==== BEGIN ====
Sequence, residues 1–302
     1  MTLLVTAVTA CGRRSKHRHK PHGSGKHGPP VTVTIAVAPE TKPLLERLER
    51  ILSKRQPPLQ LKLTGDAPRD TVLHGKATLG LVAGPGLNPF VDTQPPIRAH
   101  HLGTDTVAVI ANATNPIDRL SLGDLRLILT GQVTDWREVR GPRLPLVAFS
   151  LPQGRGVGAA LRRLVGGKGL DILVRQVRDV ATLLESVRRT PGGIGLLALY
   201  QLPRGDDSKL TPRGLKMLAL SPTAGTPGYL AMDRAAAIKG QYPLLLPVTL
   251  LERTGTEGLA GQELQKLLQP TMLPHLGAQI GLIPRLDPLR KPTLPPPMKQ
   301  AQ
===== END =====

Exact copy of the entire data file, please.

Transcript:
Sequence, residues 1–302
     1  MTLLVTAVTA CGRRSKHRHK PHGSGKHGPP VTVTIAVAPE TKPLLERLER
    51  ILSKRQPPLQ LKLTGDAPRD TVLHGKATLG LVAGPGLNPF VDTQPPIRAH
   101  HLGTDTVAVI ANATNPIDRL SLGDLRLILT GQVTDWREVR GPRLPLVAFS
   151  LPQGRGVGAA LRRLVGGKGL DILVRQVRDV ATLLESVRRT PGGIGLLALY
   201  QLPRGDDSKL TPRGLKMLAL SPTAGTPGYL AMDRAAAIKG QYPLLLPVTL
   251  LERTGTEGLA GQELQKLLQP TMLPHLGAQI GLIPRLDPLR KPTLPPPMKQ
   301  AQ